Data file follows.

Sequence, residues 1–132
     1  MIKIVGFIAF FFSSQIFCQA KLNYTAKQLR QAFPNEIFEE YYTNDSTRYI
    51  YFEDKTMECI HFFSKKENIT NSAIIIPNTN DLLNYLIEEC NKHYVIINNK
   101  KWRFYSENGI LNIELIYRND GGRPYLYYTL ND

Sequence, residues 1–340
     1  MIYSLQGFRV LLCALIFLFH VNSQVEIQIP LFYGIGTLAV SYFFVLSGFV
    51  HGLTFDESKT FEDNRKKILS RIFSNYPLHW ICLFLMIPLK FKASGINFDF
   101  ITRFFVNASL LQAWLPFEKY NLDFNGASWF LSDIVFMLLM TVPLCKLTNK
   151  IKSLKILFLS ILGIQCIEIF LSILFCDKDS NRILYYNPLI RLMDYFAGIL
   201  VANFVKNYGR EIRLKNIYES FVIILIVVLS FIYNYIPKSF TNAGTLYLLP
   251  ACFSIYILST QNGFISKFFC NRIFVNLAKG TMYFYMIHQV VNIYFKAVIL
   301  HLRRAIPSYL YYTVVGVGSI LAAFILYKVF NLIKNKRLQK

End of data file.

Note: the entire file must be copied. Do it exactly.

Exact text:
Sequence, residues 1–132
     1  MIKIVGFIAF FFSSQIFCQA KLNYTAKQLR QAFPNEIFEE YYTNDSTRYI
    51  YFEDKTMECI HFFSKKENIT NSAIIIPNTN DLLNYLIEEC NKHYVIINNK
   101  KWRFYSENGI LNIELIYRND GGRPYLYYTL ND

Sequence, residues 1–340
     1  MIYSLQGFRV LLCALIFLFH VNSQVEIQIP LFYGIGTLAV SYFFVLSGFV
    51  HGLTFDESKT FEDNRKKILS RIFSNYPLHW ICLFLMIPLK FKASGINFDF
   101  ITRFFVNASL LQAWLPFEKY NLDFNGASWF LSDIVFMLLM TVPLCKLTNK
   151  IKSLKILFLS ILGIQCIEIF LSILFCDKDS NRILYYNPLI RLMDYFAGIL
   201  VANFVKNYGR EIRLKNIYES FVIILIVVLS FIYNYIPKSF TNAGTLYLLP
   251  ACFSIYILST QNGFISKFFC NRIFVNLAKG TMYFYMIHQV VNIYFKAVIL
   301  HLRRAIPSYL YYTVVGVGSI LAAFILYKVF NLIKNKRLQK